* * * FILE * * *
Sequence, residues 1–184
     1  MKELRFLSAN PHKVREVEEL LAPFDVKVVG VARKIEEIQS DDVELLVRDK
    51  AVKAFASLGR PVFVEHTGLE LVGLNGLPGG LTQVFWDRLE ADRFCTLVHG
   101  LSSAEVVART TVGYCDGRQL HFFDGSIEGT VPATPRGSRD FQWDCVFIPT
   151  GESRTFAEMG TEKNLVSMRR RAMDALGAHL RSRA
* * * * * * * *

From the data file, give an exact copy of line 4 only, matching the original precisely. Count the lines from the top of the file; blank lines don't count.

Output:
   101  LSSAEVVART TVGYCDGRQL HFFDGSIEGT VPATPRGSRD FQWDCVFIPT